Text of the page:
64 NCHRP LRD 76 Buono v. Norton, 371 F.3d 543, 548-50 (9th Cir. 2004).”735 Fi- nally, on the “excessive entanglement” issue, the Court found that the “facts alleged cannot support the conclusion that de- fendant’s actions excessively entangle the government with the Tribes’ religions.”736 (2) National Historic Preservation Act of 1966 (NHPA).737— NHPA addresses the preservation of “historic properties,” which are defined in the Act as “any prehistoric or historic dis- trict, site, building, structure, or object included on, or eligible for inclusion on, the National Register, including artifacts, re- cords, and material remains relating to the district, site, building, structure, or object.”738 Section 106739 requires federal agencies to take into account the effects of an undertaking on historic properties and to afford the Advisory Council on Historic Preservation a reasonable opportunity to comment. In some cases, properties may be eligible in whole or in part because of historical importance to Native Americans, including traditional religious and cultural importance.740 The 1992 Amendments to NHPA require all federal agencies to con- 735 The court of appeals noted that the: Establishment Clause does not require governments to ignore the historical value of religious sites. Native American sacred sites of historical value are entitled to the same protec- tion as the many Judeo-Christian religious sites that are pro- tected on the NRHP [National Register of Historic Places], including the National Cathedral in Washington, D.C.; the Touro Synagogue, America’s oldest standing synagogue, ded- icated in 1763; and numerous churches that played a pivotal role in the Civil Rights Movement, including the Sixteenth Street Baptist Church in Birmingham, Alabama. Id at 976. 736 The Court, noting that the “only fact alleged relevant to entanglement is that the Tribes were consulted in the process of evaluating Cholla’s application for a commercial source number.” Id. at 976-77. The Court found that: Some level of interaction between government and reli- gious communities is inevitable; entanglement must be “excessive” to violate the Establishment Clause. Agonstini v. Felton, 521 U.S. 203, 233 (1997); KDM ex rel. WJM v. Reedsport School Dist., 196 Fed. 3d 1046, 1051 (9th Cir. 1999) (noting that courts consistently find that routine administrative contacts with religious groups do not create excessive entanglement). The institutions benefited here, Native American tribes, are not solely religious in character or purpose. Rather, they are ethnic and cultural in character as well. See, Bear Lodge Multiple Use Ass’n v. Babbitt, 2 F. Supp. 2d 1448, 1456 (D. Wyo. 1998) (concluding that a gov- ernment policy benefiting Native American tribes did not constitute excessive entanglement with religion because “Native American tribes…are not solely religious organiza- tions, but also represent a common heritage and culture”). Id. at 977. 737 Pub. L. No. 89-665, 80 Stat. 915 (codified at 54 U.S.C. § 300101-320303). 738 54 U.S.C. § 300308 (formerly 16 U.S.C. § 470w). 739 54 U.S.C. § 306108 (formerly 16 U.S.C. § 470f). 740 FHWA guidance on historic preservation, “Tribal Issues,” avail- able at http://environment.fhwa.dot.gov/histpres/tribal.htm (accessed June 16, 2018). which had led to litigation involving the tribes, Cholla Ready Mix, ADOT, and the FHWA.732 In 1999, ADOT promulgated new commercial source regulations, which required each appli- cant for a commercial source number to submit an environmen- tal assessment that considered adverse effects on places eligible for listing on the National Register of Historic Places (NRHP). Woodruff Butte was declared eligible for listing on the NRHP in or around 1990. On June 26, 2000, ADOT denied Cholla Ready Mix’s application for a new commercial source number because of the projected adverse effects on Woodruff Butte. Cholla Ready Mix filed suit alleging that the policy against using ma- terials from the Butte in state construction projects violated its rights under the Establishment Clause of the First Amendment. The district court granted defendant’s motion to dismiss. On appeal, the court of appeals found that the Establishment Clause claim was premised on a flawed analysis of the governing law. In outlining the governing law the court stated this: Government conduct does not violate the Establishment Clause if (1) it has a secular purpose, (2) its principal or primary effect is not to advance or inhibit religion, and (3) it does not foster excessive gov- ernment entanglement with religion. See, e.g. Lemon v. Kurtzmon, 403 U.S. 602, 612-13 (1971). Particular attention is paid to whether the challenged action has the purpose or effect of endorsing religion. County of Allegheny v. ACLU, 492 U.S. 573, 592 (1989).733 The court found that ADOT’s “actions have the secular pur- pose of carrying out state construction projects in a manner that does not harm a site of religious, historical, and cultural importance to several Native American groups and the nation as a whole.”734 As to the “primary effect” issue, the court found that ADOT’s policy “does not convey endorsement or approval of the Tribes’ religions. See County of Allegheny, 492 U.S. at 592; 732 According to Cholla Ready Mix’s complaint, ADOT faced years of controversy about the destruction of Woodruff Butte. A fed- eral district court in previous litigation awarded the Hopi Tribe a preliminary injunction requiring consultation with the tribe before spending federal funds on a construction project using materials from Woodruff Butte because of the Butte’s historical and cultural importance. The court did not rule that FHWA must engage in the Section 106 process for every possible material source site prior to the authorization of federal funds for an undertaking; however, the court did hold that once it became known that Woodruff Butte would be used as a materials source site, the FHWA was required to comply with the procedures set forth in 36 C.F.R. § 800.11 for Sec- tion 106. Id. at 975-76. 733 Id. at 975. 734 The court of appeals noted that the secular purpose prong “does not mean that the law’s purpose must be unrelated to reli- gion—that would amount to a requirement that the government show a callous indifference to religious groups.” Corp. of Presiding Bishop v. Amos, 483 U.S. 327, 335 (1987) Id. at 975. The Court added that: carrying out government programs to avoid interference with a group’s religious practices is a legitimate, secular pur- pose. Id.; Kong v. Scully, 341 F.3d 1132, 1140 (9th Cir. 2003) (“Accommodation of a religious minority to let them practice their religion without penalty is a lawful secular purpose.”); Mayweathers v. Newland, 314 F.3d 1062, 1068 (9th Cir. 2002). Id.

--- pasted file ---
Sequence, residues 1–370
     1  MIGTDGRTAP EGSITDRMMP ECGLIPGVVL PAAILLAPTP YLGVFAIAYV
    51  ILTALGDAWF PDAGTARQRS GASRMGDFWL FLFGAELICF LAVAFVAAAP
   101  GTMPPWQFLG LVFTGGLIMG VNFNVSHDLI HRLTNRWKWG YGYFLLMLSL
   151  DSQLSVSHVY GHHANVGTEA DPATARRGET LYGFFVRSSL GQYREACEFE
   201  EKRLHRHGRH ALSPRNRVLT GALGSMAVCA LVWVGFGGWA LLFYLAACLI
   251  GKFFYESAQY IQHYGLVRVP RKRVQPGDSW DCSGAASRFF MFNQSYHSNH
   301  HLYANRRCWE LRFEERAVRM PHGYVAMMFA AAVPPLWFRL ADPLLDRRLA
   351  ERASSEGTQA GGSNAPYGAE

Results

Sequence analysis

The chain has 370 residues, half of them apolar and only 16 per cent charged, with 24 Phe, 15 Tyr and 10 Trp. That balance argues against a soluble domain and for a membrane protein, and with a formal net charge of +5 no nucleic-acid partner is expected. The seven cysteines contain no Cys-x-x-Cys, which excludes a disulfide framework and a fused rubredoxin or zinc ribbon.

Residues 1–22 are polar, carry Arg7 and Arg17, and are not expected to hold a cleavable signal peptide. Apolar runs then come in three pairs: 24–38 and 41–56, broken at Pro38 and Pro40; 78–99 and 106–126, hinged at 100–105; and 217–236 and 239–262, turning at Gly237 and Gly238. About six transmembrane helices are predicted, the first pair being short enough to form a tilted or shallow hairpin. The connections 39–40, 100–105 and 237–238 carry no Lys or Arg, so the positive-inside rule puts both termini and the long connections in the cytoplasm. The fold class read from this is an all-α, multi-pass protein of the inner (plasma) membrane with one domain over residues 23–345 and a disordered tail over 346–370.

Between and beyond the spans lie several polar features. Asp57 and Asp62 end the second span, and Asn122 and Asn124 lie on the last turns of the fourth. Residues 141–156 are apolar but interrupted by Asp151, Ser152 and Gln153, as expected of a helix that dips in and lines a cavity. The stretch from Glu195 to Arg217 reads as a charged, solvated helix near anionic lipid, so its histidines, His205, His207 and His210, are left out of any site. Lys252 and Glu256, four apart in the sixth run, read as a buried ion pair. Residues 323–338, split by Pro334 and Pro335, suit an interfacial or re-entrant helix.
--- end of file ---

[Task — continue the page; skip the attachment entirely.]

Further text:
NCHRP LRD 76 65 SHPO participate in the Section 106 process in addition to the THPO.750 A programmatic agreement can only take effect on tribal lands when the THPO, tribe, or designated representative of the tribe signs the agreement.751 Off of tribal lands, the tribe must be consulted for any under- takings that affect a historic property the tribe attaches religious and cultural significance to.752 The agency official has to make “a reasonable and good faith effort to identify any Indian tribes or Native Hawaiian organizations that might attach religious and cultural significance to historic properties in the area of poten- tial effect and invite them to be consulting parties.”753 For under- takings off of tribal lands, the THPO does not take the place of the SHPO, but may serve as the tribe’s designated representative in the consultation process if the tribe designates the THPO for this role.754 The following cases dealing with NHPA compliance relative to Indian lands are noteworthy:755 • Apache Survival Coalition v. United States756 was an action to halt construction of several telescopes on Mount Graham, Arizona, within the Coronado National Forest, based upon, inter alia, violation of NHPA’s obligation to undertake an ad- ditional Section 106 process when new and significant infor- mation is brought to the attention of the federal agency.757 The court of appeals ruled that the laches standard used in NEPA cases applied to this NHPA claim.758 It concluded “that the six year period between 1985 when the Tribe first was solicited for 750 Id. § 800.3(c)(1). 751 Id. § 800.14(b)(2)(iii). 752 Id. § 800.2 (c)(2)(ii). 753 Id. § 800.3(f)(2). 754 The ACHP has a number of resources related to consultation with Indian tribes available on its website at www.achp.gov under the “Preservation Programs & Policies” section at the heading “Indian Tribes & Native Hawaiians.” 755 The consultation requirements of NHPA gained national atten- tion recently in litigation over the Dakota Access Pipeline. The pipeline ran primarily over private land—not subject to federal permitting requirements or NHPA requirements—but did traverse some federal waters requiring limited federal permits and compliance with NHPA requirements in those areas. The route does not run through the Stand- ing Rock Reservation but does run through areas of cultural signifi- cance to the tribe, thus necessitating tribal consultation in the areas subject to NHPA requirements. Claims that NHPA’s consultation requirements had not been complied with were ultimately unsuccess- ful. The court’s orders in these cases provide additional insight into the underlying dispute and NHPA’s consultation requirements. See, Stand- ing Rock Sioux Tribe v. U.S. Army Corps of Eng’rs (Standing Rock I), 205 F. Supp. 3d 4, 12-15 (D.D.C. 2016); Standing Rock Sioux Tribe v. U.S. Army Corps of Eng’rs (Standing Rock II), 239 F. Supp. 3d 77, 81 (D.D.C. 2017); Standing Rock Sioux Tribe v. U.S. Army Corps of Eng’rs (Standing Rock III), 255 F. Supp. 3d 101 (D.D.C. 2017); Standing Rock Sioux Tribe v. U.S. Army Corps of Eng’rs (Standing Rock IV), 282 F. Supp. 3d 91 (D.D.C. 2017); Standing Rock Sioux Tribe v. U.S. Army Corps of Eng’rs (Standing Rock V), 280 F. Supp. 3d 187, (D.D.C. 2017); Standing Rock Sioux Tribe v. United States Army Corps of Eng’rs, 301 F. Supp. 3d 50 (D.D.C. 2018). 756 21 F.3d 895 (9th Cir. filed Apr. 8, 1994). 757 36 C.F.R. § 800.11(b)(2). 758 Apache Survival Coalition, 21 F.3d at 906. sult with Indian tribes741 or Native Hawaiian organizations for undertakings that may affect properties of traditional re- ligious and cultural significance on or off tribal lands. The Section 106 regulations742 implementing the NHPA were last revised on December 12, 2000,743 and reflect these require- ments. Section 36 C.F.R. § 800.2(c)(2)(ii)(A) provides that The agency officia1744 shall ensure that consultation in the section 106 process provides the Indian tribe…a reasonable opportu- nity to identify its concerns about historic properties, advise on the identification and evaluation of historic properties, including those of traditional religious and cultural importance, articulate its views on the undertaking’s effects on such properties, and par- ticipate in the resolution of adverse effects. It is the responsibility of the agency official to make a reasonable and good faith effort to identify Indian tribes…that shall be consulted in the section 106 process. Consultation should commence early in the planning process, in order to identify and discuss relevant preservation is- sues and resolved concerns about the confidentiality of informa- tion on historic properties. What consultation with the tribe looks like in the Sec- tion 106 process depends upon whether the undertaking is on tribal lands and whether the tribe has a Tribal Historic Preservation Officer (THPO). The federal regulations for the Section 106 process define “Tribal Historic Preservation Offi- cer” as “the tribal official appointed by the tribe’s chief govern- ing authority or designated by a tribal ordinance or preserva- tion program who has assumed the responsibilities of the SHPO [State Historic Preservation Officer] for purposes of section 106 compliance on tribal lands in accordance with section 101(d) (2)745 of the act.”746 “Tribal lands” for purposes of Section 106 are defined as “all lands within the exterior boundaries of any Indian reservation and all dependent Indian communities.”747 For undertakings on tribal lands where the tribe has a THPO, the THPO is consulted in lieu of the SHPO.748 For undertakings on tribal lands where the tribe does not have a THPO, both the SHPO and the tribe’s designated representa- tive are consulted. A tribe without a THPO has the same right of consultation and concurrence as a tribe with a THPO.749 An owner of property on tribal land that is not owned by a trib- al member or held in trust for the tribe can request that the 741 NHPA defines “Indian Tribe” as “an Indian tribe, band, nation, or other organized group or community, including a Native village, Regional Corporation or Village Corporation (as those terms are defined in section 3 of the Alaska Native Claims Settlement Act (43 U.S.C. 1602)), that is recognized as eligible for the special programs and services provided by the United States to Indians because of their status as Indians.” (54 U.S.C. § 300309, formerly 16 U.S.C. § 470w). 742 36 C.F.R. pt. 800. 743 Protection of Historic Properties, 65 Fed. Reg. 77698, 77725 (Dec. 12, 2000). 744 36 C.F.R. § 800.2(a) provides that “The agency official may be a State, local, or tribal government official who has been delegated responsibility for compliance with section 106….” 745 54 U.S.C. § 302702. 746 36 C.F.R. § 800.16 (w). 747 Id. § 800.16 (x). 748 Id. § 800.2 (c)(2)(i)(A). 749 Id. § 800.2(c)(2)(i)(B).